The Confederations Cup begins on Saturday with the hosts Brazil and Japan squaring off in Brasilia. There are a lot of question about the Selecao heading into the tournament, mainly because of the squad chosen by manager Luis Felipe Scolari. The average age is slightly over 26 years old, and the team has just 411 caps put together which indicates that Felipao is interested in building for future successes. As for Japan, they play an entertaining brand of football, but have lacked that killer instinct up front over the last few major tournaments in which they’ve participated. Mexico, the CONCACAF representative in Group A, aren’t doing so well either. They’ve won only once out of six games in the hexagonal phase of World Cup qualifying, drawing five other matches. Three of those were at home and finished 0-0.
Just like the other three sides in Group A, Italy also entered the tournament with a lot of question marks. The Azzurri’s last two matches haven’t produced a single win and they drew 0-0 in Prague against the Czech Republic in World Cup qualifying last week. Tuesday’s friendly versus Haiti didn’t see much improvement. Despite Juventus winger Emanuele Giaccherini scoring the fastest goal in the national team’s history striking 19 seconds into the game, the Italians still couldn’t muster a victory. They conceded two late goals to the Haitians after going 2-0 up, causing a ton of worries within the camp and fans alike.
Manager Cesare Prandelli’s patented 4-3-1-2 seems to have been figured out. The centre back pairing of Leonardo Bonucci and Andrea Barzagli has been exposed and look very uncomfortable with just two in the middle. Due to Domenico Criscito’s injury, the left back depth is even thinner than usual, forcing Giorgio Chiellini to start out wide. Chiellini has experience with a four man back line, so he would be the logical choice to be deployed in the centre. Mattia De Sciglio, Ignazio Abate, and Cristian Maggio are the only other options on the flanks, but the latter two are primarily right sided players. De Sciglio may be the best bet for Prandelli on the left side. It’ll mean that Chiellini can start in his preferred role.
Supporters have been calling for a 3-5-2 or some other variation with three centre backs since the Juventus defenders are familiar with the system. Prandelli tested a new formation, but not one that’s a fan favourite. He had the players playing 4-3-2-1 with Mario Balotelli as the lone striker and, surprisingly, Giaccherini in behind him paired with Ricardo Montolivo, although Claudio Marchisio was also used in a more advanced role. Other probable starters in that formation included De Sciglio at left back, and Chiellini at centre back, replacing Bonucci. Abate was wide right and the midfield three consisted of Daniele De Rossi, Andrea Pirlo, and Marchisio or Montolivo as they would switch roles.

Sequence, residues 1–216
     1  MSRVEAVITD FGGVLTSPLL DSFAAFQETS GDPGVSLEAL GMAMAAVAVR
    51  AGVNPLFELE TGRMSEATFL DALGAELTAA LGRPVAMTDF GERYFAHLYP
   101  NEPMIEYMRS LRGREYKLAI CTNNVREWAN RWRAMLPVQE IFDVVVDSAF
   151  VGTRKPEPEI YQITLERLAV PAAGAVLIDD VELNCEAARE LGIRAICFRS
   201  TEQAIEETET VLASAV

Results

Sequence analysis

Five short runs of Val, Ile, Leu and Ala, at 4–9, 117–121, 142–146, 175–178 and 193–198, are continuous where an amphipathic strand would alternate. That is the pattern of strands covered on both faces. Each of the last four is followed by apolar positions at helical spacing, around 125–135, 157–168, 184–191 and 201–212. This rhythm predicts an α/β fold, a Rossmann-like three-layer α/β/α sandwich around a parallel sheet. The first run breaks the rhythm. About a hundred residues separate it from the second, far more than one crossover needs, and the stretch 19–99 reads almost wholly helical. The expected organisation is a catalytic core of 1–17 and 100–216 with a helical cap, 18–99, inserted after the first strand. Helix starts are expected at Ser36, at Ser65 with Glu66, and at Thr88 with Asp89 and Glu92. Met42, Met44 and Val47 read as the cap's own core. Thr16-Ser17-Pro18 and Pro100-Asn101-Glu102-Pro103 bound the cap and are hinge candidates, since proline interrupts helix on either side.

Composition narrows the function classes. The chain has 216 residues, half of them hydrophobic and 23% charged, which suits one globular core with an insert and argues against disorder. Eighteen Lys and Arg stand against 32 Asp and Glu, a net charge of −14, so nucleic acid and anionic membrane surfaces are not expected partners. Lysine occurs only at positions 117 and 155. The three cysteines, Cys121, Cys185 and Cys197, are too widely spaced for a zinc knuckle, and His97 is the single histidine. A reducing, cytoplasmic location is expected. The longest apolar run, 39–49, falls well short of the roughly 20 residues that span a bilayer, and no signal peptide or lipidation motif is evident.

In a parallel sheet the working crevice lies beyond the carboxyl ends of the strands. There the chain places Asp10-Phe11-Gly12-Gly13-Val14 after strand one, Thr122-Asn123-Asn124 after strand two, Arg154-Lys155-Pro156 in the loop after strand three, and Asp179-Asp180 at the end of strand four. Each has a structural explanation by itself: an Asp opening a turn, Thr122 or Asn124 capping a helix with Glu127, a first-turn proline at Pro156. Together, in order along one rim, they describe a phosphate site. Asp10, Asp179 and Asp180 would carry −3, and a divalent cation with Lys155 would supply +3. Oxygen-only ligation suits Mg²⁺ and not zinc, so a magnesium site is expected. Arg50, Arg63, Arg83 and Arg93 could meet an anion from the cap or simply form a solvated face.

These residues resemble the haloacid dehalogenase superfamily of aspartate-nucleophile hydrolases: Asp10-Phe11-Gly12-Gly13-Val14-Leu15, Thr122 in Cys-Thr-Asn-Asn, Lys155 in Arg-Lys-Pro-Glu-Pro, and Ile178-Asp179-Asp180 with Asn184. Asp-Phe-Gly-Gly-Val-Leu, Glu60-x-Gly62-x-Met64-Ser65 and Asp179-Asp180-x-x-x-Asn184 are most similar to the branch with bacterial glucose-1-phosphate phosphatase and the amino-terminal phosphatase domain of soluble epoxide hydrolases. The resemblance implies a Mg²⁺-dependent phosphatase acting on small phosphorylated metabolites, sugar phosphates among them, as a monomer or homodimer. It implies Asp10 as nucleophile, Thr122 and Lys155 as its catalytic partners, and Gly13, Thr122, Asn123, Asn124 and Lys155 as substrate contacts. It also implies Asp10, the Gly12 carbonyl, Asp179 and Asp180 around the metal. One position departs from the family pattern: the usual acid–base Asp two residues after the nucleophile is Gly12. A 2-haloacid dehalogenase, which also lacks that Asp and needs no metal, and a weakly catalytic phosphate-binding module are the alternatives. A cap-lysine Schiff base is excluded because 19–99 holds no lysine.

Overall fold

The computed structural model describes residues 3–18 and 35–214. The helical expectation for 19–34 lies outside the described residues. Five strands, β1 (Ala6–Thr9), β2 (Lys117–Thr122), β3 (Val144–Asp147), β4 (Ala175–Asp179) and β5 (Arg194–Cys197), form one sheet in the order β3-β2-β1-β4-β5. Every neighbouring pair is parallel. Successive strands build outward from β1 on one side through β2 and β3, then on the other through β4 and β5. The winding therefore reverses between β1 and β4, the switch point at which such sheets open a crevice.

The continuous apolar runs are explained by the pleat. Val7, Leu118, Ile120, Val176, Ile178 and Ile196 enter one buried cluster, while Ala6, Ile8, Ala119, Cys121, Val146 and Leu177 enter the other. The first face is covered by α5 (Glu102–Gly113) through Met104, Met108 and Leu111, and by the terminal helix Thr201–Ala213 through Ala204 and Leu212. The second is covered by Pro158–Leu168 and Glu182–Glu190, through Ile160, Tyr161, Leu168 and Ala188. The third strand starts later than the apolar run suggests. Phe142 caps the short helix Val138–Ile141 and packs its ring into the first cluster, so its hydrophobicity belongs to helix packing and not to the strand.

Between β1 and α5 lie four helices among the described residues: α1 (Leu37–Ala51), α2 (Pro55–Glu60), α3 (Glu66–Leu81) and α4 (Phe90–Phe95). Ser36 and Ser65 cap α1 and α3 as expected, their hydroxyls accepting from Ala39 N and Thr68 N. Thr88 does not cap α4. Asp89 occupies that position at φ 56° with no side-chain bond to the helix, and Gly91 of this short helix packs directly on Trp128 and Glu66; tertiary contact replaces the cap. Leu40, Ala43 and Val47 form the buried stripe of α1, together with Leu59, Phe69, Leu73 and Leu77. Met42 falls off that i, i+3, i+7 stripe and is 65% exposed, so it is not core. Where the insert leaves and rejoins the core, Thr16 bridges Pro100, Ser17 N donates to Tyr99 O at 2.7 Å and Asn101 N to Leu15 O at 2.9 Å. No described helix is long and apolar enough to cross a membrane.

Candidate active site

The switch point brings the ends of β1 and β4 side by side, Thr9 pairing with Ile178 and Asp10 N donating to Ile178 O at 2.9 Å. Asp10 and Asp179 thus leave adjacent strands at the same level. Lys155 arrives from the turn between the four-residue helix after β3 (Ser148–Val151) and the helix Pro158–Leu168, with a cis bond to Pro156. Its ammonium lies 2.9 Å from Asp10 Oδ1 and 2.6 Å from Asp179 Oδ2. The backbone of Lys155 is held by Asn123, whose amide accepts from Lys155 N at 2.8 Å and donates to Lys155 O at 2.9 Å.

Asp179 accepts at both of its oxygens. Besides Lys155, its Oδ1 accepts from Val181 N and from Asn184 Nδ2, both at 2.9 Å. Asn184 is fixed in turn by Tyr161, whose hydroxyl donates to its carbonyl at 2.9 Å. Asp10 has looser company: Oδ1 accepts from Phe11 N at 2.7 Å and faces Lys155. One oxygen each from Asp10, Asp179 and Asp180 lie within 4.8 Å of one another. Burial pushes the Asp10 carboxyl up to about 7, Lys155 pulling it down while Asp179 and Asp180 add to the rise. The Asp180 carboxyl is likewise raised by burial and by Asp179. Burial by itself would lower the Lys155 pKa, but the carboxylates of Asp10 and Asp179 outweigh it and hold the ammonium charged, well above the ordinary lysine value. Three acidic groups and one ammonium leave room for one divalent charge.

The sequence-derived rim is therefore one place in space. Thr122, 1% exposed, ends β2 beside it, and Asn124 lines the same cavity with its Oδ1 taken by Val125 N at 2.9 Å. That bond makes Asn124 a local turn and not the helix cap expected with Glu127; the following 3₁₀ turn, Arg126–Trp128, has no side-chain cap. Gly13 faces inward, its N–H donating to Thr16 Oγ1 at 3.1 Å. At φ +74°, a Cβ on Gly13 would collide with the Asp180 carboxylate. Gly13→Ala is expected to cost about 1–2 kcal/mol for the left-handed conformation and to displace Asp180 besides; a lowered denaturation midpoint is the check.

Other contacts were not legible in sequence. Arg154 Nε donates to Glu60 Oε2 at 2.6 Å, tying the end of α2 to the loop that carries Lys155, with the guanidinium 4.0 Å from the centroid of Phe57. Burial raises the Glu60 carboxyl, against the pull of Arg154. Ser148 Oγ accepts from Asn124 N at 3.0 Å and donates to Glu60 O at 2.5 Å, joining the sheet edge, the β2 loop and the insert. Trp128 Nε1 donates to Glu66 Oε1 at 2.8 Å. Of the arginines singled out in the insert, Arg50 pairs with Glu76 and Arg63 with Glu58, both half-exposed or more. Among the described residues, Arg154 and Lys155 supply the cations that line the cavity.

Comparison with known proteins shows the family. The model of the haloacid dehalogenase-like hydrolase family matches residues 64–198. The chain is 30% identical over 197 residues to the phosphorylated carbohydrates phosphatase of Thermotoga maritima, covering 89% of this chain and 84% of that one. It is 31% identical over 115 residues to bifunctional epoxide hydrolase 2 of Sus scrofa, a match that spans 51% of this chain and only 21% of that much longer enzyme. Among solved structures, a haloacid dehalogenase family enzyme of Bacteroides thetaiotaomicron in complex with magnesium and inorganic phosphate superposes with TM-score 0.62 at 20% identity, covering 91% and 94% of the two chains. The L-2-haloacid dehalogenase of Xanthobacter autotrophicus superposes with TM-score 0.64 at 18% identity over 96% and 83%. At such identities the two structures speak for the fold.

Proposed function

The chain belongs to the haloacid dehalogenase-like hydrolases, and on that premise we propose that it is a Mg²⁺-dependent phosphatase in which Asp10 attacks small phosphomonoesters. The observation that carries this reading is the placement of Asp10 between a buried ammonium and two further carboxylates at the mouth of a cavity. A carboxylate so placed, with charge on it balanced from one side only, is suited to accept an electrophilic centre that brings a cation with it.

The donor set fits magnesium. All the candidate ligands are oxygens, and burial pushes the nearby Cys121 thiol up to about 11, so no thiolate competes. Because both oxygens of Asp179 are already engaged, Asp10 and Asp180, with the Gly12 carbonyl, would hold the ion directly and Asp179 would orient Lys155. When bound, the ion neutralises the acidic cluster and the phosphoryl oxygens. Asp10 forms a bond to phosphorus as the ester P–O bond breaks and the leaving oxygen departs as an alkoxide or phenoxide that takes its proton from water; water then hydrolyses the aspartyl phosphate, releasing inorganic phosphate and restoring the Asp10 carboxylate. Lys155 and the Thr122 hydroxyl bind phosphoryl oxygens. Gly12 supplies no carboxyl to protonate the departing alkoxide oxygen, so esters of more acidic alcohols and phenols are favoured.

Stephan El Shaarawy was notably absent from the training session on Thursday suffering from a slight muscle pull in his leg, but he’ll be present at practices starting on Friday. Still, it’s worth noting that in 2013, El Shaarawy’s form has declined rapidly at AC Milan. His teammate Balotelli scored 12 goals in 13 matches in his first few months at Milan, but “Il Faraone” has suffered in that time. He bagged just three goals in 20 games in 2013, far below his total of 13 in 18 during the first half of the domestic season. He and Balotelli couldn’t muster anything against Petr Cech and the rest of the Czech defence during their last qualifier. On the other hand, the midfield created little, especially Montolivo, who was operating in behind the strikers. It’s not his natural position, but he’s slowly gaining competence as he participates in more games. Still, the lack of creativity going forward was a major issue and needs addressing.
The players did come off a long, gruelling season, especially El Shaarawy. He made over 50 appearances for club and country, as did many others such as Bonucci and Barzagli. With some relaxation taking place over a couple of weeks, the Azzurri should be rested. Combine that with the improving familiarity among everyone within the Italian squad, the team should be alright come their first fixture against Mexico. Cesare Prandelli also seems to share the same sentiments and is taking lessons from Italy’s last few matches to commence the building of something special starting this June at the Confederations Cup.
“We were a little bit too conservative against Haiti. We knew it could’ve been a struggle to play the day after arriving in Rio, but Haiti wanted to organize this friendly at all costs and we made them happy,” said Prandelli.
“We have to take many aspects into consideration. Most importantly we need to find our physical sharpness. We’ve worked towards this and you could see [on Tuesday vs. Haiti] we lost every single sprint, so we hope in five days the team can begin to deliver.
“Now we have to get back on to the field because we need to work, above all, on motivation.”